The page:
Eradication of the Banana Freckle disease in the Northern Territory is right on track, according to outgoing State Co-ordinator Kevin Cooper. Here, he brings us up to date with the latest developments, building up to the program’s end in 2017
The program is on track to eradicate banana freckle from the Top End and the Northern Territory by May 2017.
In May this year, we transitioned from the Phase Two host-free period to the Phase Three sentinel planting.
Efforts in Phase Two continued to focus on building and maintaining community support for the program. Inspectors spent much of Phase Two looking for and treating regrowth, while being on the lookout for any illegal plant movements. The level of compliance with movement controls continues to be good.
The planning for the Phase Three sentinel planting, involving the man-aged reintroduction of host plants into the six eradication zones (Red Zones), began in January 2015. Now we have detailed plans for their reintroduction.
From May this year plants sourced from Queensland and propagated out of Katherine Research Station started to move into the red zones. The first plants went to Indigenous communi-ties in the Ramingining, Tiwi and Daly Nauiyu red zones. These communities actively supported the Program and were the first to have all their banana plants destroyed.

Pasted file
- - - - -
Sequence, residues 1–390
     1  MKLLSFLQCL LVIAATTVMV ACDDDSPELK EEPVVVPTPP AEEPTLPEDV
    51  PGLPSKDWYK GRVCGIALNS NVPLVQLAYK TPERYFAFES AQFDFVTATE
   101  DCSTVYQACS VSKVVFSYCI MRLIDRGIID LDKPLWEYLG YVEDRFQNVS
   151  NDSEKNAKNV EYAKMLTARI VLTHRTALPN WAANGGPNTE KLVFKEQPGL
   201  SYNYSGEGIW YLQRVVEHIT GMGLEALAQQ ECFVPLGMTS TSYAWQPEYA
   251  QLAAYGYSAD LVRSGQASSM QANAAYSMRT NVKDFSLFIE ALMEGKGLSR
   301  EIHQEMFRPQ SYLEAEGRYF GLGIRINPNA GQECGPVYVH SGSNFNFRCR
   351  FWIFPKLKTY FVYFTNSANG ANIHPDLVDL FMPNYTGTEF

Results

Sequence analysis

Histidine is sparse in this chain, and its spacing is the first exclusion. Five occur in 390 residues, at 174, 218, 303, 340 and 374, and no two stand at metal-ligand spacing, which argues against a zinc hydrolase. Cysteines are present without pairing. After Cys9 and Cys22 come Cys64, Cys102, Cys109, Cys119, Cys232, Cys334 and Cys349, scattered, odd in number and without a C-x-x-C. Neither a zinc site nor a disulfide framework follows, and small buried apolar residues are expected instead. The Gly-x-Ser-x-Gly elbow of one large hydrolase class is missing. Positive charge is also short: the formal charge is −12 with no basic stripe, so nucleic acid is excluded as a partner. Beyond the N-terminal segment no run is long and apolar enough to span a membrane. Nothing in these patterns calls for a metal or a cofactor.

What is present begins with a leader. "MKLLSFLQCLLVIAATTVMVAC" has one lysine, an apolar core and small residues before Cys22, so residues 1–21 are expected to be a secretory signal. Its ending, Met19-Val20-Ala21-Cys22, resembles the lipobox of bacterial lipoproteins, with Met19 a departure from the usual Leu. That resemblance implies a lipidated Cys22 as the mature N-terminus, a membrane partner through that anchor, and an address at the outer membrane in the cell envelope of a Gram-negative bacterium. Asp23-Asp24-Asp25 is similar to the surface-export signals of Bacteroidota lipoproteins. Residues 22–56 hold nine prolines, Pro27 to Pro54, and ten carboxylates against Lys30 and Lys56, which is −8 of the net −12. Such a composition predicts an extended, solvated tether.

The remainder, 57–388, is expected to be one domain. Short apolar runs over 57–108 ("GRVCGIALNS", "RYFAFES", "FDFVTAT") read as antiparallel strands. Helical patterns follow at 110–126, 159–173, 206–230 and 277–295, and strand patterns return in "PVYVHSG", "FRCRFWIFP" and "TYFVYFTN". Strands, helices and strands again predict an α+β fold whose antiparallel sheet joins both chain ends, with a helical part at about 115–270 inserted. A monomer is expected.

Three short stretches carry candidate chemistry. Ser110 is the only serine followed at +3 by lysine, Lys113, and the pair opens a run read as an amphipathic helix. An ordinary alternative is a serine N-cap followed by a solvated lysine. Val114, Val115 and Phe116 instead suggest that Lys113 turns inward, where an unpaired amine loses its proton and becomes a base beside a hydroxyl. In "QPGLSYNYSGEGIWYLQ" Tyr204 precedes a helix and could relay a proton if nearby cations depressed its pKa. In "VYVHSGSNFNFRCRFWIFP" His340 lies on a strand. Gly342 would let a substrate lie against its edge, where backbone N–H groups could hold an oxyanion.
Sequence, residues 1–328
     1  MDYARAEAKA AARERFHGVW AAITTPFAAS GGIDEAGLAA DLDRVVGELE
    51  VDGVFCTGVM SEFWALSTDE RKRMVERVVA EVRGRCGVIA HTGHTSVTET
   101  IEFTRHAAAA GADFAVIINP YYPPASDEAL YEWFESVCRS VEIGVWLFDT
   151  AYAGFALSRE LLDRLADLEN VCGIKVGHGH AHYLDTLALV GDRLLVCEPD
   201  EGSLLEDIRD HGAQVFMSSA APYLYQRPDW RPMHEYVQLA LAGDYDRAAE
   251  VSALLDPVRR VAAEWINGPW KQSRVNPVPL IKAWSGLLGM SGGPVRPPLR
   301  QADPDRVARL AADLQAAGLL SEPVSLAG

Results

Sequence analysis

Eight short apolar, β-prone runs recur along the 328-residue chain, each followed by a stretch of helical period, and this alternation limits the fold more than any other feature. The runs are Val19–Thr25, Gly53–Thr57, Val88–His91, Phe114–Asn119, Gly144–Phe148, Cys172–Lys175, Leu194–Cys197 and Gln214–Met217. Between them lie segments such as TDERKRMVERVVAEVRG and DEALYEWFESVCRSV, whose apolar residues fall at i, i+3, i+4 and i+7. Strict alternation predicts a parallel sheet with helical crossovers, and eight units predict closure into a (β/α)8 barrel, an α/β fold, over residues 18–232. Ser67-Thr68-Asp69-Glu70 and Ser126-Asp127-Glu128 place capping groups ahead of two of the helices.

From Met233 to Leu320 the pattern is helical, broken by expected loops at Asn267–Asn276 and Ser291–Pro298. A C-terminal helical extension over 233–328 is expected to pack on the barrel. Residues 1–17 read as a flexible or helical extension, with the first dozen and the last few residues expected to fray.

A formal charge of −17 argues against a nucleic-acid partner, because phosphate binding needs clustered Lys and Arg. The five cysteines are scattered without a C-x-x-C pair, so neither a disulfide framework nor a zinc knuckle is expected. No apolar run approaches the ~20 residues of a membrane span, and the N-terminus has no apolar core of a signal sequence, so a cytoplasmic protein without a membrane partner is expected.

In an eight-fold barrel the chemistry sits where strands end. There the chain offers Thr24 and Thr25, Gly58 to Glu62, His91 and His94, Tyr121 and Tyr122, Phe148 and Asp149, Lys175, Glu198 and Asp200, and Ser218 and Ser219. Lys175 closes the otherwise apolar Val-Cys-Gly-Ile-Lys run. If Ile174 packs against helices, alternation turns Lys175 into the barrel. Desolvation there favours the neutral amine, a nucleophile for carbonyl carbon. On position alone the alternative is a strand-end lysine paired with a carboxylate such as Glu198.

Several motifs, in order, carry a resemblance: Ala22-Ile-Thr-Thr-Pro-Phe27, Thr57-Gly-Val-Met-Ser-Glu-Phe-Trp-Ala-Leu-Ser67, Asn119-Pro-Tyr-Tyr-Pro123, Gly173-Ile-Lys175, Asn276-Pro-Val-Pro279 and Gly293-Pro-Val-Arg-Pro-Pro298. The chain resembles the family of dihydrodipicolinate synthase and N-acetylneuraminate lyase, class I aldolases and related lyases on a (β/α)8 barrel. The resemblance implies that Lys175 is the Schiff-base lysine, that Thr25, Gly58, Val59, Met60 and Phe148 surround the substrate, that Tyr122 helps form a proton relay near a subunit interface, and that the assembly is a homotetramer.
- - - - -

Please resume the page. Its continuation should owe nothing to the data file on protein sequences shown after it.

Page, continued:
In late May the first plants went into the Darwin red zone (close to 5000 square kilometres – twice the size of the ACT) and were distributed to a small number of addresses including schools and community gardens.
In September this year, the second shipment of sentinel plants will be distributed to the rural areas outside Darwin, including the Dundee and Rum Jungle Batchelor red zones.
The final shipment in late November will go to the northern suburbs of Darwin. By that time, more than 3000 randomly selected addresses will have plants in place to act as sentinels to show freckle fungus has been eradicated.
Throughout Phase Three, efforts will continue to ensure compliance with movement controls, and detections of any non-compliant propagation and cultivation of host plants in red zones. A permit is required for every plant being introduced and cultivated in each red zone.
An important activity in Phase Three will be confirmation of shared responsibility for biosecurity. The collaborative approach between the program, community and industry, both locally and elsewhere leaves us in the best possible position to eradicate banana freckle.
By May 2017 all involved will be able to share in the success of the hard work and effort put in to eradicate this serious plant pest.